Babies were potentially exposed to serious health risks when a NSW hospital mix-up saw newborns given to the wrong mothers to breastfeed.
The Daily Telegraph reports that at least seven babies were affected by the incidents, which occurred in public hospitals between 2011 and 2015. The NSW government have admitted that more babies could have been impacted because it does not have records for the private system.
Opposition Health Spokesman Walt Secord called the situation “every new mum’s worst nightmare” and called on the government to release the names of the hospital’s responsible.
“The community has a right to know. This is the human cost of the massive cuts to the health and hospital system,” he said.
Western Sydney University Professor of midwifery Hannah Dahlen said the risk of diseases being transmitted through breastmilk was low but the psychological impact cold be significant.
“It can be everything from ‘oh my God, I was feeling connected and attached to this child that wasn’t mine, what kinds of mother am I?,'” Professor Dahlen said.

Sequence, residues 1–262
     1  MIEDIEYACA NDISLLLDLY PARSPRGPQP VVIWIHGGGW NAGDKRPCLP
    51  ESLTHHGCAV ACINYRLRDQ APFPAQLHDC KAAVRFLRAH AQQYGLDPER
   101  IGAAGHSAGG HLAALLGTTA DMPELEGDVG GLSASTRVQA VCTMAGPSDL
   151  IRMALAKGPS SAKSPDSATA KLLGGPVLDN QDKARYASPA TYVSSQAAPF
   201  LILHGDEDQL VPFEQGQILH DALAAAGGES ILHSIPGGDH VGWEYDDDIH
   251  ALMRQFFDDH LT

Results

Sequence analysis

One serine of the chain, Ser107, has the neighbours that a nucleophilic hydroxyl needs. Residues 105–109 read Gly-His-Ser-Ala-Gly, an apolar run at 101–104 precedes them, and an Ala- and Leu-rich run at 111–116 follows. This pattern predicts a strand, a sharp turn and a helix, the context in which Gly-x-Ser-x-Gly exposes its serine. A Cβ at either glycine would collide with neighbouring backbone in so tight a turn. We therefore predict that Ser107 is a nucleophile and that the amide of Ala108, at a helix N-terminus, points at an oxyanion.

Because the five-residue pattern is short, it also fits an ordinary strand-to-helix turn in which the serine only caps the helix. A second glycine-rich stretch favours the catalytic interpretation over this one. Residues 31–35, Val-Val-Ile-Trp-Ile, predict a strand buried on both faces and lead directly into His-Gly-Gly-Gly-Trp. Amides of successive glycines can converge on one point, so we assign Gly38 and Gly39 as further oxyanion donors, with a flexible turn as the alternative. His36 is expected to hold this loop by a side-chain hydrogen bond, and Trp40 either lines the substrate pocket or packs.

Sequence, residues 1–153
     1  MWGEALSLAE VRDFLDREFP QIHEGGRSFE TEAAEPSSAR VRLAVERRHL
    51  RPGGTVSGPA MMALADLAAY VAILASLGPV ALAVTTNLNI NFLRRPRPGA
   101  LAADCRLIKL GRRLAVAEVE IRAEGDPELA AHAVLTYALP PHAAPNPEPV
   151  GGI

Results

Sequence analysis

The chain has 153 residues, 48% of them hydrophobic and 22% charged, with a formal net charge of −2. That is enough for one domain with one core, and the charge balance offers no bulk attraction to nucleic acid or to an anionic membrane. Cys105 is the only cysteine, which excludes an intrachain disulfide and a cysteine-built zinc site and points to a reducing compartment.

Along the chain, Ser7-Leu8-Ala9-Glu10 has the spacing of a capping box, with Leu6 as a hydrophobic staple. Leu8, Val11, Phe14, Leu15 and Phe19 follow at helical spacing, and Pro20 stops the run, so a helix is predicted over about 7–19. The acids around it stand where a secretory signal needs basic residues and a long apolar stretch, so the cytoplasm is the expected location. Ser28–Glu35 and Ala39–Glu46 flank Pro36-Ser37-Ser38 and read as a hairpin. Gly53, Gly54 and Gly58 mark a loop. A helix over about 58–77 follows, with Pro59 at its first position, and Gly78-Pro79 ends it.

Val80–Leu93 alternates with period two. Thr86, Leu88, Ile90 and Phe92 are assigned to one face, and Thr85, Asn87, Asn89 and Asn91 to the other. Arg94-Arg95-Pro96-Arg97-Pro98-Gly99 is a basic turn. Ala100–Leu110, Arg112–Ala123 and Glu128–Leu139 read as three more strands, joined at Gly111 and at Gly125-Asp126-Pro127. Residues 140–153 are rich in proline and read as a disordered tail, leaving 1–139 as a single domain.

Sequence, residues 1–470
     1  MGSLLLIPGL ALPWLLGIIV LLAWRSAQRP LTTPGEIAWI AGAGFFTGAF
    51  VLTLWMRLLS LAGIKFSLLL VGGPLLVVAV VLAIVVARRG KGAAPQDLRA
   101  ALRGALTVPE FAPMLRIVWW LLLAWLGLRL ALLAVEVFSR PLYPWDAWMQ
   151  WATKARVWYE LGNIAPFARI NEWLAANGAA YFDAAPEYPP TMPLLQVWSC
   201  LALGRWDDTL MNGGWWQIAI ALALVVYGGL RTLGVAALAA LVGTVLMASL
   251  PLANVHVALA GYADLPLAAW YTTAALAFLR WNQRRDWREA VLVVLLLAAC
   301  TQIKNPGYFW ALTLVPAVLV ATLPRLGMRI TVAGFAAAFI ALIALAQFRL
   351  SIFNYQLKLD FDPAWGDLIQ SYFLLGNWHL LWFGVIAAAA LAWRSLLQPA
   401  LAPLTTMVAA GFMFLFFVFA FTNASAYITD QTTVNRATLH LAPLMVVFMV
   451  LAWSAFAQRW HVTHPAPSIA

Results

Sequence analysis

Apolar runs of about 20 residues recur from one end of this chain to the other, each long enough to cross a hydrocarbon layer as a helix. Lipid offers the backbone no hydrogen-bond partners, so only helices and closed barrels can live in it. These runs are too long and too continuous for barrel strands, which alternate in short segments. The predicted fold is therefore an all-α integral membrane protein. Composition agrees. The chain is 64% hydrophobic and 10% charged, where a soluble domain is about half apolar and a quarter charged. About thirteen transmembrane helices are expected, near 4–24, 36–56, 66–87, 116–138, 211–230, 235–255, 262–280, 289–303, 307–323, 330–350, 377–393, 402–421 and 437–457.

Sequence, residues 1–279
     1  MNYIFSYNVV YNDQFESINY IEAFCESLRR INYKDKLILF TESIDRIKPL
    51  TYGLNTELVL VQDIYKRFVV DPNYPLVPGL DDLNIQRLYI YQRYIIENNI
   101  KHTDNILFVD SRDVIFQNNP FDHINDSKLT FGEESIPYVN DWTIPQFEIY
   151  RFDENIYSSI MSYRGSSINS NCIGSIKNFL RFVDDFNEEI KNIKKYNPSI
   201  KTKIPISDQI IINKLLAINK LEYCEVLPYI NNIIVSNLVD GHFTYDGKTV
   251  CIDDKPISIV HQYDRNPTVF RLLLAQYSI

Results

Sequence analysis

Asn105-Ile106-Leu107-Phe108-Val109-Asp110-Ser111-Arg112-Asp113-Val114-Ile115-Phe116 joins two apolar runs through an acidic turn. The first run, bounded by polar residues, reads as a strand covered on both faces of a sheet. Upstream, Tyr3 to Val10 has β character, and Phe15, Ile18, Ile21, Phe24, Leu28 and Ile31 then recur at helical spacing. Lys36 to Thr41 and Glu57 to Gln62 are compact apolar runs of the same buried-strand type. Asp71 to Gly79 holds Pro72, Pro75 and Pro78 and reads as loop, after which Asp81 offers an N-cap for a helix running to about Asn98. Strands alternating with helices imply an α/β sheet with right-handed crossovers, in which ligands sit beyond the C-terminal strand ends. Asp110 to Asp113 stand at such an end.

Health Minister Jillian Skinner said it was “extremely rare” for a baby to be handed to the wrong mother, with almost 100,000 babies born in NSW hospitals each year.
She said in each case the error was “soon discovered”.
Stefanie Phillips, 22, of Bateau Bay was stunned when her newborn daughter Ellie was mistakenly given to another mother to breastfeed in Gosford Hospital last year.
“It really does shock me,” she said.
“I think the lack of midwives is really the problem … if they are short-staffed the government has to do something about it.
“It hit me afterwards. It tore me up.
“I would not want this to happen to another mother, especially a first-time mother.”
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